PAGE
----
The Carillion

Wow.  I am struggling to learn the art of making people salivate with words and the only one I can find to describe my dinner last night at The Carillion for Austin Restaurant Week is, “Wow.”

Josh Watkins is a kitchen dynamo that I have been following since he was the chef de cuisine at the Driskill under David Bull and later executive chef.  I have had the good fortune to work both front of the house and back of the house with Chef Watkins on a couple of occasions and I find his fire and creativity inspiring.

I was on day 3 of my Austin Restaurant Week adventure which I kicked off with the raucous Bad to the Bone Smackdown at Stubbs.  The events are not affiliated but their timing coincided to hurtle me into a foodie fest that feels like the upcoming SXSW must feel to the hordes of music fans about to descend on Austin.

The menu at The Carillion for Restaurant Week at $35 looked like a great bargain but turns out it is pretty close in price to the regular menu with a 3 course tasting for $38 and a 6 course tasting for $60. They also offer wine pairings for $12 and $22 respectively, which the friendly and accommodating staff even adjusted to our tastes.  I was excited to further discover that Tuesday was also the kickoff of their new happy hour menu as well.  Besides the lack of parking in the area that make the expensive parking garage a necessity, my innate love of both gourmet delights and bargain prices had me all tingly with anticipa————tion.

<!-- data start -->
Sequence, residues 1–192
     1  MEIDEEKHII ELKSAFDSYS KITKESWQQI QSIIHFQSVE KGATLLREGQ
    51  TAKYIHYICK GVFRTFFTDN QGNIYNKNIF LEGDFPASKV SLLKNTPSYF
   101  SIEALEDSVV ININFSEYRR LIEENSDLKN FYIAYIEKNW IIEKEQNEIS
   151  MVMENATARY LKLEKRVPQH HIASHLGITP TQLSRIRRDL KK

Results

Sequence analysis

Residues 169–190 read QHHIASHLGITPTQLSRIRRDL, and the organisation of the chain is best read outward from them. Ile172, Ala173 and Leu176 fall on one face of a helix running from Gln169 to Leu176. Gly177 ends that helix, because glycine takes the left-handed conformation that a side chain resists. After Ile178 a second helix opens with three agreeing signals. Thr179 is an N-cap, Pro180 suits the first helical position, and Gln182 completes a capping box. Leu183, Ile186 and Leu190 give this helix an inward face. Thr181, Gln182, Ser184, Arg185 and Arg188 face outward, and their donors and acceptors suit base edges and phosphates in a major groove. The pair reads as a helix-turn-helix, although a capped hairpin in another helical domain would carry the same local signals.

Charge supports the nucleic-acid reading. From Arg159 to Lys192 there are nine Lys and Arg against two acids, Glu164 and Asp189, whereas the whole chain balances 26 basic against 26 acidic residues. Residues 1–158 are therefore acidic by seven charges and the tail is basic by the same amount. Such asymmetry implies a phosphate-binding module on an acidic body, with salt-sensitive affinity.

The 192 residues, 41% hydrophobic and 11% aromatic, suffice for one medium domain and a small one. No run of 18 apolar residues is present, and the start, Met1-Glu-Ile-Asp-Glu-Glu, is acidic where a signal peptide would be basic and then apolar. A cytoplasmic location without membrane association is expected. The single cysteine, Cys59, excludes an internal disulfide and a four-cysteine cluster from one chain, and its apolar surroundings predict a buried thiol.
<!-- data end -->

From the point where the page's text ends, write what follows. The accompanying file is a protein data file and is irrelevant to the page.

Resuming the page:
We started off with the pork belly with Diablo glaze, Asian pear salad, and fried mint as well as the lobster risotto with cremini mushrooms, sorrel, and lemon oil.  The pork belly was crispy on the outside and meltingly fatty tender inside, with the perfect matchsticks of Asian pear giving a fresh crunch of sweetness.  The lobster was poached just past raw to a sweet and tender perfection and nestled in a creamy risotto.

The coffee rubbed dry aged New York strip with roasted parsnips, candied garlic, and mesquite syrup was an interesting blend of sweet and savory.  My dining companion was fascinated by the candied garlic which was a pungent raw garlic spice blend captured in an amber sheet of caramel used to garnish the medium rare steak.  The braised beef short ribs were served atop a pool of celery root puree with fat asparagus tips and a black pepper gastrique.  Every component was designed to highlight and enhance the dish as a whole.  This attention to detail is what propels this meal to an occasion.

For dessert we chose the goat cheese cheesecake with huckleberry compote and salted caramel and the guanaja chocolate terrine with crystalized cilantro, burnt orange reduction and corriander cream.  The cheesecake was light and creamy with a buttery, crunchy graham cracker crust.  The slightly sweet huckleberries with the salted caramel made for a flavor symphony.  The chocolate terrine is deceptively small but delightfully rich slice of truffle heaven, paired with an almost honey like orange reduction and topped with a tiny dollop of corriander spiked cream, I found myself slippng into a sleepy chocolate coma.

Our server was enthusiastic and charming.  When she was unsure of a wine pairing we were not happy with, the manager was quick to step in with a wonderful substitute that speaks both to the customer service of the restaurant as well as the exceptional wine list.  I see many visits to The Carillion in my future. I hope to see you there.